Cars are becoming more and more integrated with mobile technology, and Honda is at the forefront of the latest innovations. In an effort to expand the connected car experience, Honda has opened its Developer Studio, an online portal and workspace in Silicon Valley.
It’s no secret that mobile phones and apps have become such an integral part of our lives. Whether you’re playing your favorite tunes from a music streaming service or paying your bills right from your phone, apps can help enrich and – more importantly – make our lives easier.
Making things easier is what Honda’s Developer Studio is all about. It allows app developers to easily test their Android Auto apps in a prototype vehicle environment, as well as collaborate with Honda’s own R&D teams.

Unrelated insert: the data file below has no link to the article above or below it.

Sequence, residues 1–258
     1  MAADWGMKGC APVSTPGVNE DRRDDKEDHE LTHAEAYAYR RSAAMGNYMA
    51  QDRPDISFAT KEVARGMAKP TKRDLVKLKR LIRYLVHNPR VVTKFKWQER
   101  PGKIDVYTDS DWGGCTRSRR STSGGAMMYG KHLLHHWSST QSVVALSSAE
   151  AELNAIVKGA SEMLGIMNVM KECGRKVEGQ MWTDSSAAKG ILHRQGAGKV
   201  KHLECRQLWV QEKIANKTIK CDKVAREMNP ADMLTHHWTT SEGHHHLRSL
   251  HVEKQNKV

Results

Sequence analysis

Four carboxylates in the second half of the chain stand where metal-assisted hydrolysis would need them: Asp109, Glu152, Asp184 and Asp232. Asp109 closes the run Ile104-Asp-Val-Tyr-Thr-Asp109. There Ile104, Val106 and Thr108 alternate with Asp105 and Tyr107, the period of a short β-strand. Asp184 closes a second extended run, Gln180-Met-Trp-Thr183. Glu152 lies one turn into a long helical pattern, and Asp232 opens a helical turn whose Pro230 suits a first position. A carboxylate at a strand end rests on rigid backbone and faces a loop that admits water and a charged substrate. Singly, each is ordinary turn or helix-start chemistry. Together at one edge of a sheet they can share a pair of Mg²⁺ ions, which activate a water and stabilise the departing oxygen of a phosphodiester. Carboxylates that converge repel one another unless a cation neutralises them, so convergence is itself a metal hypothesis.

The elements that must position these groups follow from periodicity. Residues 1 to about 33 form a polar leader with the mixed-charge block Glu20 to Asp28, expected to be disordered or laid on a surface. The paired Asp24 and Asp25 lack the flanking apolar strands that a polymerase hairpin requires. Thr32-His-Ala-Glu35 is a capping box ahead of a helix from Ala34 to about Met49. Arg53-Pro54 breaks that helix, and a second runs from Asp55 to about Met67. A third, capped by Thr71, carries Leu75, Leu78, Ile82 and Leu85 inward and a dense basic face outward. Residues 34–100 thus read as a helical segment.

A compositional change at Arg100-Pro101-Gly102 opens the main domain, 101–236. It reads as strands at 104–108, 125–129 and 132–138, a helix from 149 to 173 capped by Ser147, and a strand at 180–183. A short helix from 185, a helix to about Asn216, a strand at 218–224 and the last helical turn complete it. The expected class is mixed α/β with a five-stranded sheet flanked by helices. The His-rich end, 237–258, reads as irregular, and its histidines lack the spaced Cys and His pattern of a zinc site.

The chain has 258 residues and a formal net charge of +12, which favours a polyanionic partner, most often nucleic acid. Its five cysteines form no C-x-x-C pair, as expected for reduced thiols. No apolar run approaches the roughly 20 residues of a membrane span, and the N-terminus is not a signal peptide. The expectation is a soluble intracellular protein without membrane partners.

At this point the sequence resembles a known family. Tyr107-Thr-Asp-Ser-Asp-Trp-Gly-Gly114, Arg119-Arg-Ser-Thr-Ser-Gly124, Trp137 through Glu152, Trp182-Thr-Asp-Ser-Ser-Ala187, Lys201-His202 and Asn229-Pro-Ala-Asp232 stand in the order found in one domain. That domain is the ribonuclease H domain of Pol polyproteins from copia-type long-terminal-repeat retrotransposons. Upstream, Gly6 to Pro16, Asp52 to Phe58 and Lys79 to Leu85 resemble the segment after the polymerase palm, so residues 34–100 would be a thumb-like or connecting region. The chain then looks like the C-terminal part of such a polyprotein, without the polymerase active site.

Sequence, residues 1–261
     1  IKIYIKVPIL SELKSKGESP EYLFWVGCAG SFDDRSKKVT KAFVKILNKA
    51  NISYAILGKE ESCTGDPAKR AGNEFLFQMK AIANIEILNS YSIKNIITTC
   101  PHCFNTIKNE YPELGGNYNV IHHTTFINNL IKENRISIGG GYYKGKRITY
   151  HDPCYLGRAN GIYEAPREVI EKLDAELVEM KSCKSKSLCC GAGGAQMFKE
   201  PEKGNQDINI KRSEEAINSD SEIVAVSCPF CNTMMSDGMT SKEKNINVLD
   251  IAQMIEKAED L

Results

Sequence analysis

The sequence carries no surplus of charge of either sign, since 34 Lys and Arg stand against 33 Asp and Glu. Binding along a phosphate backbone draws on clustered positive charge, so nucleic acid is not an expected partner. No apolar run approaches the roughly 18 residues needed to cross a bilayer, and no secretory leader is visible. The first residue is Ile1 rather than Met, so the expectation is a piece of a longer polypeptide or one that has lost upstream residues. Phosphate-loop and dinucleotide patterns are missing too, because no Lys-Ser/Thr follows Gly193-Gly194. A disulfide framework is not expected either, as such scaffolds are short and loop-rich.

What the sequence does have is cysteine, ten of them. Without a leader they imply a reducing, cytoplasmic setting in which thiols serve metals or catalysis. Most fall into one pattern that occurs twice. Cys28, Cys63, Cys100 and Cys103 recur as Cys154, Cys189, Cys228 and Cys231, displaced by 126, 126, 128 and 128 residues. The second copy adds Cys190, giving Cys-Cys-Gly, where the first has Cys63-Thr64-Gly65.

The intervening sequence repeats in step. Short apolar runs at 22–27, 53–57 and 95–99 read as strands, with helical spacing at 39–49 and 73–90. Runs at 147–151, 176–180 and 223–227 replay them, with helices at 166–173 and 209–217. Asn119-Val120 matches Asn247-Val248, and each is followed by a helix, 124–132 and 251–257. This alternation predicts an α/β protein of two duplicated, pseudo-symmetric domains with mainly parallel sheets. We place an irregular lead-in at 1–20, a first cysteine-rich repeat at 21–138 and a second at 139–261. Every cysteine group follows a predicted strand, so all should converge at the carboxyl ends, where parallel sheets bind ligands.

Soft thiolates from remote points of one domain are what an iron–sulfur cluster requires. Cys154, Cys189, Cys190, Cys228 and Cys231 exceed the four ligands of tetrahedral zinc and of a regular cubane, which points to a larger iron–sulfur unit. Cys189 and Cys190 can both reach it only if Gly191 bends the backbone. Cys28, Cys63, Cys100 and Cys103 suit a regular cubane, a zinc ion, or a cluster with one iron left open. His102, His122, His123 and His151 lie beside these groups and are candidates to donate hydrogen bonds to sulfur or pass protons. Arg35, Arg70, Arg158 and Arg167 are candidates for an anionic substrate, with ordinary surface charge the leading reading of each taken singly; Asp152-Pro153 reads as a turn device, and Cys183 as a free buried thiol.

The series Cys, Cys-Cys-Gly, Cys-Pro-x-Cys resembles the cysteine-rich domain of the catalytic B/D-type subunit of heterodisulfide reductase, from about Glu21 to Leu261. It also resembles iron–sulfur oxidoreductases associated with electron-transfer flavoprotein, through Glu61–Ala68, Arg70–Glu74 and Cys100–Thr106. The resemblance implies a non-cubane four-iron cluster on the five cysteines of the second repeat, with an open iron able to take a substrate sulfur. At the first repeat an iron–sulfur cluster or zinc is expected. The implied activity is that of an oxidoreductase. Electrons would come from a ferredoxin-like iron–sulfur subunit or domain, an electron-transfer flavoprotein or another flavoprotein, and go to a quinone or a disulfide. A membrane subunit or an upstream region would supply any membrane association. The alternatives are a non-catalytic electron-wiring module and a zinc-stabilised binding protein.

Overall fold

The goal is to essentially make developing in-vehicle apps easier to develop, which in turn means safer and more convenient ways to stay connected while out on the road. The learning curve for developing apps can be quite difficult, but Honda hopes its latest initiative will spark innovation that will benefit develops and Honda owners.
"App developer participation in the automotive space has the potential to transform the in-car experience," said Nick Sugimoto, senior program director for Honda Silicon Valley Lab in a press release. "We want to foster app developer participation and enthusiasm, and help them dream-up new experiences that will give drivers access to the latest in digital innovation."
Honda Developer Studio is just one of many ways Honda is enriching the driving experience. To learn more about Honda’s latest in-vehicle technology or test drive a vehicle for yourself, stop by or contact our dealership today.
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Simple precautions include taking care of little problems before they become big ones.